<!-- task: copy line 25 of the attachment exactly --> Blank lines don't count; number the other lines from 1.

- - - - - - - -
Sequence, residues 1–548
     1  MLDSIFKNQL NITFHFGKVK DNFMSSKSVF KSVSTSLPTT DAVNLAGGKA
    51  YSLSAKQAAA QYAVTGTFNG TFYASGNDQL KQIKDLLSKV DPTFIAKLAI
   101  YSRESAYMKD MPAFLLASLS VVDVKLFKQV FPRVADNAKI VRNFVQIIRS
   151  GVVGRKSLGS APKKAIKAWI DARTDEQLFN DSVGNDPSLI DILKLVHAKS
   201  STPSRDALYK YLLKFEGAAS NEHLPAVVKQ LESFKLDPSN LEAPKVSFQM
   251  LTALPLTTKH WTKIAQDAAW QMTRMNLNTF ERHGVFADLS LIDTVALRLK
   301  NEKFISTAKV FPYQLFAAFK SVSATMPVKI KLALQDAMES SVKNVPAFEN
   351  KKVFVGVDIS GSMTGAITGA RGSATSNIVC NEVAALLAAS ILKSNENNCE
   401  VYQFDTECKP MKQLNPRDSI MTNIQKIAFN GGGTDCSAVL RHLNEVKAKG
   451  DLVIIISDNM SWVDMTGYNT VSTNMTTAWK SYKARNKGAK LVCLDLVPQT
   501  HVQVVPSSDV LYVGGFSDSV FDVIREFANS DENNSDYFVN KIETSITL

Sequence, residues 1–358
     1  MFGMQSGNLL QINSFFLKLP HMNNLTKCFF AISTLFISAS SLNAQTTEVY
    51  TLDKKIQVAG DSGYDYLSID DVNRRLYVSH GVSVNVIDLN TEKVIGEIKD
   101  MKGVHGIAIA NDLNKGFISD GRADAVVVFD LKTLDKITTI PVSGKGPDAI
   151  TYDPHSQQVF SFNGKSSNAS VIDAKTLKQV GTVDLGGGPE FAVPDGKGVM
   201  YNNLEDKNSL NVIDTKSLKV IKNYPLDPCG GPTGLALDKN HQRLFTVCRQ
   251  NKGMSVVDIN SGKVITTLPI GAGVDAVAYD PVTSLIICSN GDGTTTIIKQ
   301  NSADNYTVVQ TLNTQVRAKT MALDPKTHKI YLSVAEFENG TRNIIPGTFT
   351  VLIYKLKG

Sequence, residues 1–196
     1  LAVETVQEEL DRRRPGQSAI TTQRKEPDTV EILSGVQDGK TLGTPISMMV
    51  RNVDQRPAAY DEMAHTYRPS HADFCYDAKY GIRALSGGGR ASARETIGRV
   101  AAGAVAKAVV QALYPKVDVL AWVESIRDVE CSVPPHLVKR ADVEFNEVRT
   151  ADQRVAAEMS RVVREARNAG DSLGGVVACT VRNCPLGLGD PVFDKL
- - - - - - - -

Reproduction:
   101  AAGAVAKAVV QALYPKVDVL AWVESIRDVE CSVPPHLVKR ADVEFNEVRT